In news that wouldn’t even shock a frail elderly woman with Extremely Shocked By Everything syndrome, a new report has found that human journalists are mostly not a fan of their robot counterparts.
Researchers led by Professor Neil Thurman of LMU Munich and City, University of London, interviewed journalists and editors to gauge the “capabilities and consequences” of robo-journalism. Ten journalists from CNN, BBC, Thomson Reuters, Trinity Mirror, and The Sun offered their opinions of an automated journalism software created by an unnamed leading technology provider.
“I would never, ever, ever have written a story like that,” said one journalist from the BBC, whilst a senior CNN writer called the resulting article “throw away and repetitive.” A writer from The Sun argued that robots can’t find the “human angle” needed to make a story interesting.
Yet although it seems like journalists whose jobs are on the line might suffer from a teeny, tiny bit of bias, Thurman argues the research also adds a much-needed fresh perspective. “The coverage [of robot journalism] is often based on statements, press releases from the technology companies,” he tells me, “And obviously they are going to be quite positive in terms of what the technology can offer.” The report also includes the opinions of journalists in executive positions, who would potentially benefit financially from sacking all of their humans.
As well as critiquing the robot writing, some journalists were concerned that the potential volume of automated stories could make it easier for “prejudiced” people to influence the news agenda. “It’s virtually unlimited the number of stories that can be produced,” explains Thurman. “If automation can pump out a lot of information on social media that may influence the stories that are trending and therefore would influence the news agenda.” The journalists were interviewed in May last year, before this concern became a reality when Twitter bots were used to bolster the Trump campaign.
Though the journalists’ reactions were largely negative, many writers did appreciate the potential positives of automated journalism. The Sun’s writer thought the software could “present the facts as they are” without “manipulation” found in traditional journalism. Those from Reuters felt it could help to quickly break stories initially, before real journalists took the helm for further coverage.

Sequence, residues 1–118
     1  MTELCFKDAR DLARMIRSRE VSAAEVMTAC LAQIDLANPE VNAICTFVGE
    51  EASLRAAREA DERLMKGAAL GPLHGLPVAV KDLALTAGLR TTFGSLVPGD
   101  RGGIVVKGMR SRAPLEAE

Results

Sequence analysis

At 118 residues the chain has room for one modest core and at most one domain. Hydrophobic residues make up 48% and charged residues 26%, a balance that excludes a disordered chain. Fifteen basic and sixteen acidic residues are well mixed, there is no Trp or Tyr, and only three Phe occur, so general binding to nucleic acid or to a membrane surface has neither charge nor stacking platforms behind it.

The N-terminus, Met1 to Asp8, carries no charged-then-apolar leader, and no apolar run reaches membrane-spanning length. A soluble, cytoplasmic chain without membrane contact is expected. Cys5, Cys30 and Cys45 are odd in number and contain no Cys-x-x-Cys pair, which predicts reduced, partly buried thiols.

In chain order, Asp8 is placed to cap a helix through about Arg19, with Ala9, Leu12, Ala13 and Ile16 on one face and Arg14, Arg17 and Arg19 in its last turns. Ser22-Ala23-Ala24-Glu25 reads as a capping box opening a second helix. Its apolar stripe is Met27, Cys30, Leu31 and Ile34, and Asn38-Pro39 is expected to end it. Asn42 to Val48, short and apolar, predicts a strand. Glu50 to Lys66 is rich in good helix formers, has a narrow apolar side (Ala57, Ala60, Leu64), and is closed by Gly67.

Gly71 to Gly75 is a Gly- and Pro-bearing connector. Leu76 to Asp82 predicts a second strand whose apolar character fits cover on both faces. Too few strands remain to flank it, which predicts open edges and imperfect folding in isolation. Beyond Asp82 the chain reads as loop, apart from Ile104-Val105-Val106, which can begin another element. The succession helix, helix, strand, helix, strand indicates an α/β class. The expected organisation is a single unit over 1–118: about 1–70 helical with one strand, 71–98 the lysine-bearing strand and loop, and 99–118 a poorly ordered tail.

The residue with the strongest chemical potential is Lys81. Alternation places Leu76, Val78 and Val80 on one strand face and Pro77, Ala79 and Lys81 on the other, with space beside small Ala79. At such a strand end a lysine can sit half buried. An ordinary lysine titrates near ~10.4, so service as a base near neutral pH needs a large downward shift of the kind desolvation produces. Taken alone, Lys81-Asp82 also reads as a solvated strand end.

Thurman also feels the technology could help to personalise stories. “The technology could be used, for example, to do a match report for the home fans, the away fans, and the neutral,” he says. “You could have three versions produced automatically and sent different places, or it could be personalised to someone depending on their physical location, their interest level or even their reading level.”
Despite the journalists’ overall concerns, automated journalism is on the rise. It is currently used by the Associated Press and Forbes, among other publications.
Yet as it stands, the word “robot” makes the whole affair seem more complex than it actually is. The reality is that automated journalism simply slots data into a template that has to be written by a human. For example, Thurman explains that for a football match the template might read: “At ___ today, in front of a crowd of ____, ____ beat ___ with ___ goals to ___.”
As it stands then, human journalists are still needed and Thurman believes they will be for some time yet.
“This is a different take than you might hear from some other people,” he says. “You get quite a few people in the tech world and in Silicon Valley talking about artificial intelligence and talking about how in a few years it will outstrip human intelligence. But I think that there are some fundamental limitations with artificial intelligence which will mean that the sort of journalism that a lot of people want to read won’t be able to be produced by computers in the foreseeable future.”
Speaking of quality journalism, how about a quiz? Can you tell robot and human journalism apart?